Priorities could be changing at the Wellington City Council.
We learnt last week that Mayor Justin Lester does not see the waterfront Chinese Garden as a priority. This was a change from last year, when the council pushed through a resource consent for the much-debated $11m project. The mayor’s statement is no doubt an acknowledgement of public opposition, as well as the appeal that’s been lodged at the Environment Court by Waterfront Watch.
Then there’s the question of council priorities for the city’s heritage auditoriums.
The magnificent Town Hall has been closed for more than three years, and though councillors have twice unanimously voted to strengthen it, there’s no timetable for the work to begin. A month ago the mayor raised hopes when he said it was a “high priority” to bring it back into use. But he didn’t offer any evidence, and we pointed out that he’d used the same words eight months earlier.
Yet suddenly, a strengthening plan has been announced – not for the Town Hall, but for the yellow-stickered St James Theatre. A council staff member says it’s to be closed after next year’s Arts Festival for strengthening work that’ll take a year.
In terms of two yellow-stickered public buildings, the council seems to be moving faster on the St James. However there may be light on the horizon. The council is at last seeking “proposals” for strengthening the Town Hall. Applications close this week.
Councillors have not only been unanimous in their support for strengthening the Town Hall, even if their unanimity has come to nothing so far. They were also unanimous in backing the new Film Museum and Convention Centre, voting last August to spend $150m on this new building. Mayor Wade-Brown said the decision “gives the green light to this key economic development project.” But six months later, no starting date has been announced, with no explanation for the delay except that the decision is “conditional upon getting final go-ahead from [Peter Jackson’s] Movie Museum Ltd.” What’s happened to delay the final go-ahead?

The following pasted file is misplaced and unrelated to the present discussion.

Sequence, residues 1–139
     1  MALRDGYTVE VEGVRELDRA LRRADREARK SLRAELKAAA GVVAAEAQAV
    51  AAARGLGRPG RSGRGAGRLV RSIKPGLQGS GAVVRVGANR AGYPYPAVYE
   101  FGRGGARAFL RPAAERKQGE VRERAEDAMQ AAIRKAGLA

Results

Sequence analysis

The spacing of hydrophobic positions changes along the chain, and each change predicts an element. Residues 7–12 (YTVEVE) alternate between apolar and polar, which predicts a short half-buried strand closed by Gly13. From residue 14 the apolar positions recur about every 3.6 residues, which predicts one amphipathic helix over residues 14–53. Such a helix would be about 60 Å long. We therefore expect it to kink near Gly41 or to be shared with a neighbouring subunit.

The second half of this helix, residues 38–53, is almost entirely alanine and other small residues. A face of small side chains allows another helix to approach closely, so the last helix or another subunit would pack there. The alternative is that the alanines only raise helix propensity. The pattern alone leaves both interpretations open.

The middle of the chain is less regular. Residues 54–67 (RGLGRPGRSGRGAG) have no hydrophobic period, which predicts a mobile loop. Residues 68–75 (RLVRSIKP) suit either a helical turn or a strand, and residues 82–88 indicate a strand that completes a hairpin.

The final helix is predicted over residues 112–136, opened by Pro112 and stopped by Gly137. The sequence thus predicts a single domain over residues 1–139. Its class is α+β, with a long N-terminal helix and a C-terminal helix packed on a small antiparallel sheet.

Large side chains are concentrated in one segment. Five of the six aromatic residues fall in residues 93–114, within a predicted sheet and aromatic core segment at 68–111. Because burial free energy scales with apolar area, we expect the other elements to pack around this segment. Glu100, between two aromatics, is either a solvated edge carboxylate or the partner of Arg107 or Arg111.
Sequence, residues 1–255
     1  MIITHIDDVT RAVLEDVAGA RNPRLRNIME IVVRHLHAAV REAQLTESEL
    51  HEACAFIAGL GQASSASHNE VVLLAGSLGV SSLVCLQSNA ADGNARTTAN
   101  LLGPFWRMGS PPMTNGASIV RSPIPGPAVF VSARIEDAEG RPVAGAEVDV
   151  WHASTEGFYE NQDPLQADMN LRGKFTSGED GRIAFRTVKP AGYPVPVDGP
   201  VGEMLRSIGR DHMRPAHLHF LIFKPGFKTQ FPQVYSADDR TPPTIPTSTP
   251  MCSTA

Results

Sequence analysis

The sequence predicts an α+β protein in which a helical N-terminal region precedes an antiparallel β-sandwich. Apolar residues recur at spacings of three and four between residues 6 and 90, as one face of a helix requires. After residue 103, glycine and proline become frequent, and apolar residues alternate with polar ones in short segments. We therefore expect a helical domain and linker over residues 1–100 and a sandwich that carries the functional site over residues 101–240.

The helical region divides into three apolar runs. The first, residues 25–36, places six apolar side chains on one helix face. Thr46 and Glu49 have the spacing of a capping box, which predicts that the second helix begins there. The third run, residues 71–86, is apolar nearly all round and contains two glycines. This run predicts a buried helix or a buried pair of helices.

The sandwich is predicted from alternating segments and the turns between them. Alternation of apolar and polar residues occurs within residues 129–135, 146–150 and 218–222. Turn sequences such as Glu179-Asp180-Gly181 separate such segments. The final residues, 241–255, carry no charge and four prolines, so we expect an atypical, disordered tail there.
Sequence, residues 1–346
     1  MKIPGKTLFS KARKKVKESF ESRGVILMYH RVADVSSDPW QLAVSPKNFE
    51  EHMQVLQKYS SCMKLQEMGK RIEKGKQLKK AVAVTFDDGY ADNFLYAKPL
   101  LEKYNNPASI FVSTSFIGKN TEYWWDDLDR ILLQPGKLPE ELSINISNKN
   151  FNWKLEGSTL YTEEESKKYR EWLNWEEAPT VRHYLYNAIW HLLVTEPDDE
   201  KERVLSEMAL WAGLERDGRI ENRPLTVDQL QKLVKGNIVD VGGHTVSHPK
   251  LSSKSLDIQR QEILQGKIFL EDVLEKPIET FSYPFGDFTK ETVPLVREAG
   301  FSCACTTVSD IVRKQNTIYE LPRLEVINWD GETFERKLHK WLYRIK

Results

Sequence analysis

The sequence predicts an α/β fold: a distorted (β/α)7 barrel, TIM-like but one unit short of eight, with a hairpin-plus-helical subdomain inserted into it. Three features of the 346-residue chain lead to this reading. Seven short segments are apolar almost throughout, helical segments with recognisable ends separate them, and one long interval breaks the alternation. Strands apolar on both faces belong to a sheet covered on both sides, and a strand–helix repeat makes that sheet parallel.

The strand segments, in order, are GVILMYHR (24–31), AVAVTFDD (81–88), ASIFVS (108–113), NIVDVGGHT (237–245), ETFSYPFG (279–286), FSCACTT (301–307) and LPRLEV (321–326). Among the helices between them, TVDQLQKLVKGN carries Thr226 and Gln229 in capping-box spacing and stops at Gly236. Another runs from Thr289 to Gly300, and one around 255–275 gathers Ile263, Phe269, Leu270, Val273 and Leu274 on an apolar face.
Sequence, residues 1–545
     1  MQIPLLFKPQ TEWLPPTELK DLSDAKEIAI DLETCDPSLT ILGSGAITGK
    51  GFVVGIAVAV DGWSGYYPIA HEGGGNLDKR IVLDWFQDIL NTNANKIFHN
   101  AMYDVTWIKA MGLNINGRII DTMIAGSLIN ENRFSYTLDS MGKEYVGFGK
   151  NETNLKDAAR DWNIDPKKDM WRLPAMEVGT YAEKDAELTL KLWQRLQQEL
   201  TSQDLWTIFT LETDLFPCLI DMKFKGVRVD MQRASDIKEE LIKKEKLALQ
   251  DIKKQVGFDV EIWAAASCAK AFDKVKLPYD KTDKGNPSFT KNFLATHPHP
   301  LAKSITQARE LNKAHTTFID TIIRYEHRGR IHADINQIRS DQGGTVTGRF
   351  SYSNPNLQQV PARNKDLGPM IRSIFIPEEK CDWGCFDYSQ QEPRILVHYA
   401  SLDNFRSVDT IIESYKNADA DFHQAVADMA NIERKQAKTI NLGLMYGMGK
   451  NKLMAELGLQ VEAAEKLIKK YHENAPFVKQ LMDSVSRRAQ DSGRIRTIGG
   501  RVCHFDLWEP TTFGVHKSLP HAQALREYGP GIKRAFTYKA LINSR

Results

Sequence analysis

Council critics have often said that the city should be prioritising infrastructure, rather than tourist attractions. The critics may therefore be pleased to read today that the mayor acknowledges there’s work to be done on the basic stuff. Quoted in the DomPost this morning, Justin Lester says:
“From the first of July next year, we’ll be looking at fast-tracking infrastructure projects … we’re also looking at the Prince of Wales reservoir water storage, also a cross-harbour pipeline coming straight from the Hutt.”
When Ian Apperley wrote about this last month, he said it seemed the priorities and the council’s approach to them were still very much disconnected. The council will soon be starting work on its annual planning process – another chance to re-prioritise its priorities.